Health & Counseling Services

Advisory on the Ebola Virus and the Flu

March 06, 2015
In response to the continuing epidemic of Ebola virus in West Africa, Washington College Health Services continues to closely monitor reports from the Centers for Disease Control (CDC), and is working with local health officials to keep everyone on campus safe and informed.

It is helpful to remember that the virus is not an airborne threat. It is spread only by direct contact with the bodily fluids of someone in the active, symptomatic phase of the illness. Symptoms can appear anywhere from 2 to 21 days after infection and can include a fever of 100.4°F (38°C) or higher, headache, joint and muscle aches, diarrhea, vomiting and stomach pain. Visit the CDC Web site,, for the latest in Ebola information.

Any student or faculty member who has traveled to, from or through the affected countries of Guinea, Sierra Leone, Liberia, or Mali within the past month is required to contact Health Services at 410-778-7261 prior to arrival on campus to discuss screening, monitoring and health precautions. In addition, if over the holiday break you spent time with friends or family who had recently returned from those regions, that exposure places you in a “low-risk category” and you should notify Health Services before returning to campus.

Going forward, Health Services will employ the same CDC-recommended screening protocols in place at the local Emergency Department and other outpatient clinics. All individuals who call Health Services to make any type of appointment will be screened for a history of foreign travel/Ebola risk factors. Additional screening questions will be asked at check-in to the clinic or when being seen by our practitioners. Thanks for your cooperation as we operate with an abundance of caution.


The bigger health concern for our campus as everyone returns from break is influenza, or flu. The flu usually comes on suddenly, and symptoms can include fever, cough, sore throat, runny or stuffy nose, muscle or body aches, headaches, and fatigue. Some people may have vomiting and diarrhea, although this is more common in children than adults. People who are at high risk for developing flu-related complications can include children younger than 5 (especially children younger than 2), adults 65 years of age and older, pregnant women, and people who have certain medical conditions including asthma, chronic lung disease, heart disease, blood disorders, kidney disorders, metabolic disorders, endocrine disorders such as diabetes, and weakened immune systems due to disease or medication.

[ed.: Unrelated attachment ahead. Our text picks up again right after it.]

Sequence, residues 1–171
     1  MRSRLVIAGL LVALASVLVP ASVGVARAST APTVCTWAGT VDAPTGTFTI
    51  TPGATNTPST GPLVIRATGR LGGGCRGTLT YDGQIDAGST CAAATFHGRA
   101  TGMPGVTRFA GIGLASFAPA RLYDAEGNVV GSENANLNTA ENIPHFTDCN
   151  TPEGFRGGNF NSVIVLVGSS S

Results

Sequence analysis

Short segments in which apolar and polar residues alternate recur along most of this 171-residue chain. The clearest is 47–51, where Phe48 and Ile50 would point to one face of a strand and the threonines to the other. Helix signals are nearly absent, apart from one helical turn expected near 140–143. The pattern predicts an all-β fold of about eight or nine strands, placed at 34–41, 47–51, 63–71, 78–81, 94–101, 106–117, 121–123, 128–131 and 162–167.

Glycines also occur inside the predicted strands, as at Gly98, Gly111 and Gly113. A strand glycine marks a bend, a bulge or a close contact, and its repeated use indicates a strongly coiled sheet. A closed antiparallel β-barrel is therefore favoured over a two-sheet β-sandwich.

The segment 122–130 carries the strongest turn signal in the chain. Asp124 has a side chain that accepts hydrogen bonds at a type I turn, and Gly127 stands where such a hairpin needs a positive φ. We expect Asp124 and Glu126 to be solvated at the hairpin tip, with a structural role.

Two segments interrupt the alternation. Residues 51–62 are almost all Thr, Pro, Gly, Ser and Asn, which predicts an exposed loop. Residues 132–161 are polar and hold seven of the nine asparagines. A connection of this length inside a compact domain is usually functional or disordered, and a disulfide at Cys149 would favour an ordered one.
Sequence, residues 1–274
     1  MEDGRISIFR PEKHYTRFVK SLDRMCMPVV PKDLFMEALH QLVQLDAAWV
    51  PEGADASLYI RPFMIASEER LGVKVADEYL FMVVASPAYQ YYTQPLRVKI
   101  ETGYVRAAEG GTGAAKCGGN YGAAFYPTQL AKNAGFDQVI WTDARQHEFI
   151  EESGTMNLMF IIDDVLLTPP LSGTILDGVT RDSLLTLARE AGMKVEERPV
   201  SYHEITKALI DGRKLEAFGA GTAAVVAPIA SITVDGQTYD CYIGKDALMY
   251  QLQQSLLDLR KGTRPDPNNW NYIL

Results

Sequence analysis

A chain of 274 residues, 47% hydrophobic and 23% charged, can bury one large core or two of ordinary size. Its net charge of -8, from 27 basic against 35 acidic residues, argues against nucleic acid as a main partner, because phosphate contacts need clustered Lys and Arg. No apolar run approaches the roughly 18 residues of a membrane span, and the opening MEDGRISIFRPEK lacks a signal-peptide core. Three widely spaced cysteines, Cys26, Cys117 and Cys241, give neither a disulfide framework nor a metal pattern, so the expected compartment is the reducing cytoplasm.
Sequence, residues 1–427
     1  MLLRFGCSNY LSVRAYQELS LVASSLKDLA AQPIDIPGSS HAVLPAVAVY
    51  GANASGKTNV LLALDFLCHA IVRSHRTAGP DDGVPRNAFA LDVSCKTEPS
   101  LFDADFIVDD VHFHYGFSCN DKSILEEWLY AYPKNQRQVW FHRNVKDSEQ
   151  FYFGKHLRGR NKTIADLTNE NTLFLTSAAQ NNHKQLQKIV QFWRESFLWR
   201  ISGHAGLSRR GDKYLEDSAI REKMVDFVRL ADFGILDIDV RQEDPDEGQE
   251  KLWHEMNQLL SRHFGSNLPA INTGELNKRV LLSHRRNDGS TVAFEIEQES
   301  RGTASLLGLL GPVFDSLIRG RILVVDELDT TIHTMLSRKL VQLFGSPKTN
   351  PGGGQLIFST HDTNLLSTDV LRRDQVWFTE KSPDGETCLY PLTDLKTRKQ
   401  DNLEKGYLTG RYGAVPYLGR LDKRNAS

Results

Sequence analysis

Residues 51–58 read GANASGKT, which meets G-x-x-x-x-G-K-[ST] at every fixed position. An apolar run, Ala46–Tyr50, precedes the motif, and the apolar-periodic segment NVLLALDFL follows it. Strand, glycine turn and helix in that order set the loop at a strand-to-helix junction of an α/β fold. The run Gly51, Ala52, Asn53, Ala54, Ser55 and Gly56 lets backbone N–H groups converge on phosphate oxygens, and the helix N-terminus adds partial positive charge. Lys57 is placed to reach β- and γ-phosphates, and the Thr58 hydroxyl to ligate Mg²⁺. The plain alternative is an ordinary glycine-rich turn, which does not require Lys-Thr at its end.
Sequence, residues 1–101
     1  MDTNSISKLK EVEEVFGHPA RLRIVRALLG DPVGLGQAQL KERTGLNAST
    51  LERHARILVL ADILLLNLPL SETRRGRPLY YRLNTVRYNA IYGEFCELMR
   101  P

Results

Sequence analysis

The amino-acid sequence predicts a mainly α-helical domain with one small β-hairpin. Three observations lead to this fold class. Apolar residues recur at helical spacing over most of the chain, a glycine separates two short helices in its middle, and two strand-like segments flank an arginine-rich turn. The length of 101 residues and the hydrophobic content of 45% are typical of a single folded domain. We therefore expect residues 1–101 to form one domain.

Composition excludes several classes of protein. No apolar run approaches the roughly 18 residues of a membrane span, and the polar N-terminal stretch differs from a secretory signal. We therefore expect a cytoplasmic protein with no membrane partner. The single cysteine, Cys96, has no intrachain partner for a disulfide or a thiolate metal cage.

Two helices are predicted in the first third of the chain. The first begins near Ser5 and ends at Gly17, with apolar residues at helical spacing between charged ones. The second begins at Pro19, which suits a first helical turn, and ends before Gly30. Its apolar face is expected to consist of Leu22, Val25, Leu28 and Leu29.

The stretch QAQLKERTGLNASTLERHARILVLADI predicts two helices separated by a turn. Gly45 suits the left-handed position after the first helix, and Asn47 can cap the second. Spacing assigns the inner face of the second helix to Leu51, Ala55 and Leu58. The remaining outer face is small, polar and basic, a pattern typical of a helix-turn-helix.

The CDC recommends a yearly flu vaccine as the first and most important step in protecting yourself. Please do get a flu vaccine if you have not already done so. We still have flu vaccine available in Health Services and will make it available until our supply runs out. It takes about 14 days to build up immunity to the common flu strains after you receive the vaccine. The current vaccine does not protect against all strains of the flu.

There are everyday actions that can stop the spread of the flu: stay away from those already sick with flu, wash your hands frequently, and clean and disinfect frequently touched surfaces, especially if someone in your household, residence hall, or workplace is ill.

If you develop flu symptoms before classes resume, you should remain at home until you are fever-free without the use of fever-reducing medications for 48 hours.Sick students should notify Health Services that they are at home with the flu by calling 410-778-7261 or emailing us at will alert Associate Provost Patrice DiQuinzio, who will then notify your professors.

The Centers for Disease Control offers more information about the flu at, and Maryland’s Department of Health and Mental Hygiene offers advice on its Web site,

Last modified on Aug. 6th, 2015 at 1:15pm by .